One specific instance of magical realism and/or surrealism occurs in the first sentence of Jorge Luis Borges's short story. In the opening words, Borges describes the universe, which is, in fact, a library—or, as it's punctuated in the text, the Library.
The library is an example of magical realism because it's still centered in the real world—libraries are a part of normal, everyday reality. However, Borges confers fantastical elements upon the Library by capitalizing it and conflating it with the universe. He imagines the Library to be the entire world.
There is a surrealist quality to the first statement, because the Library comes across as symbolic. One might wonder if Borges means that the Library is the universe or merely representative of the universe, what it contains, and how it's perceived.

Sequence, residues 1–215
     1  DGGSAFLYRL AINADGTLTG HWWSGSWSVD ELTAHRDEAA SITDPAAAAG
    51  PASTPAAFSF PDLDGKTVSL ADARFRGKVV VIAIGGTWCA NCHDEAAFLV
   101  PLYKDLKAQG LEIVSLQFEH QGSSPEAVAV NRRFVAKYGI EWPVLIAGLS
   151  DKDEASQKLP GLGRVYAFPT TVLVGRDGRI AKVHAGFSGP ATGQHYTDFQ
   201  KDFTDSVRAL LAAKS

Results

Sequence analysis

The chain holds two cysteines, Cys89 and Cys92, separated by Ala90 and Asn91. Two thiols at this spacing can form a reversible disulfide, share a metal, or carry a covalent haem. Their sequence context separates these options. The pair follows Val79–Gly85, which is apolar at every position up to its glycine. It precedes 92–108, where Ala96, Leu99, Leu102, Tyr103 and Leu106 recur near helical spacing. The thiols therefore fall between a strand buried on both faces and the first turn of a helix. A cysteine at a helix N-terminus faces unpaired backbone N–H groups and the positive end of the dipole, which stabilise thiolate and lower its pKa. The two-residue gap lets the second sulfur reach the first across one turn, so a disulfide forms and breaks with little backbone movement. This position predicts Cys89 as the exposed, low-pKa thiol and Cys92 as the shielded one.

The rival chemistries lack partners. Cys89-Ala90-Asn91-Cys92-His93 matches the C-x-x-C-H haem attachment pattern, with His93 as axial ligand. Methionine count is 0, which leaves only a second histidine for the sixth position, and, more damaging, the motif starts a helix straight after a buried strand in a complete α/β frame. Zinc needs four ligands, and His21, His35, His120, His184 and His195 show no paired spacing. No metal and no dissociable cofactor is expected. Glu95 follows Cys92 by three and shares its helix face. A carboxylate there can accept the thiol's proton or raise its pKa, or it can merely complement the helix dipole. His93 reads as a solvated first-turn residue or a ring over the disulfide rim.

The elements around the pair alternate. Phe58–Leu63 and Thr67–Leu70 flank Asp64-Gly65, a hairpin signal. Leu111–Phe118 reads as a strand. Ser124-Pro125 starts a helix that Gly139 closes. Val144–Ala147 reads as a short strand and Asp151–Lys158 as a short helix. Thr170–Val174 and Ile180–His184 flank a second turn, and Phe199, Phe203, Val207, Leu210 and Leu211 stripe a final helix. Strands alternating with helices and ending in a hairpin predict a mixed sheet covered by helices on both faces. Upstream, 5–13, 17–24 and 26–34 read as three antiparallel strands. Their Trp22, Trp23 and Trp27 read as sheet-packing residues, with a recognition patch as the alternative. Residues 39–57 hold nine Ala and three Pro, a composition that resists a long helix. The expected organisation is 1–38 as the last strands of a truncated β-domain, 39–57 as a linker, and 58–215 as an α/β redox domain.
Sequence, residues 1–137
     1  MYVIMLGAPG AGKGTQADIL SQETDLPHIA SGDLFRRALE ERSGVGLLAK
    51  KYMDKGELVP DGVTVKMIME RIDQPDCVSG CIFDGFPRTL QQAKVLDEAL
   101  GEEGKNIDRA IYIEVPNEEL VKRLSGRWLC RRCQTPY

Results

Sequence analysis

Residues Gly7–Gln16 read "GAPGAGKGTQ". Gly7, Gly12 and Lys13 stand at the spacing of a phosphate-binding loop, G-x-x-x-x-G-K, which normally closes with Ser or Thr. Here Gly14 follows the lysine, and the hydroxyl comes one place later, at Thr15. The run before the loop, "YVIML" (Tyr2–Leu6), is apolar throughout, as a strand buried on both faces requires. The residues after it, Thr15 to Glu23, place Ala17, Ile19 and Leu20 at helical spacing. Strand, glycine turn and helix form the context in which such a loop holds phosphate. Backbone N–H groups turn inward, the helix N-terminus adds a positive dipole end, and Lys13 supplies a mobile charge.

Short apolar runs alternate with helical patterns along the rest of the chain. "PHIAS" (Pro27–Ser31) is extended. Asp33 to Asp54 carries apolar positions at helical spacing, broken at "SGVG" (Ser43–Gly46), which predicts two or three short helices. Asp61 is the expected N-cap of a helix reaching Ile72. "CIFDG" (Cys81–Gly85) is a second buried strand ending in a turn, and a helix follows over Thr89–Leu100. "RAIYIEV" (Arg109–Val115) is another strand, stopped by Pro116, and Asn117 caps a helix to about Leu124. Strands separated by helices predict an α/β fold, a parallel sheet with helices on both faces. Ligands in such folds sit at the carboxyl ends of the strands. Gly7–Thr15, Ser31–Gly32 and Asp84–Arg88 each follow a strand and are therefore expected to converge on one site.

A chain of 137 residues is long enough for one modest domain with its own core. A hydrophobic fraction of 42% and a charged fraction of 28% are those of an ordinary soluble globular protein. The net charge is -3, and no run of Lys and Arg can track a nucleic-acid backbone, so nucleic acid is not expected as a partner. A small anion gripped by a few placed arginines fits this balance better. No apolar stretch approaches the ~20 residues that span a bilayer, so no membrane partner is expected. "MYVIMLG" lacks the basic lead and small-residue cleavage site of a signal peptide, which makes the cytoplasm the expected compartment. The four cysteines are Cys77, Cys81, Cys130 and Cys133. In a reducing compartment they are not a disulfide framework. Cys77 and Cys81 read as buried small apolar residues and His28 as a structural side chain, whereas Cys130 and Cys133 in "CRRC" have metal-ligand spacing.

Borges adds to the story's surrealist qualities when he says that the Library is composed of an "infinite number of hexagonal galleries." This image might strike some as bizarre or unexpected. The strange and the random is a critical part of the surrealist program.
Another specific example of magical realism and surrealism occurs when Borges describes the contents of some of the books in this mythological Library. One book—seen by the narrator's dad—contained the letters m, c, and v "perversely repeated from the first line to the last."
The book's contents relate to magical realism because it takes familiar letters of the alphabet and uses them in an uncanny way. The book can be called surreal due to the bizarreness, potential symbolism, and automated aspect of the three repeated letters.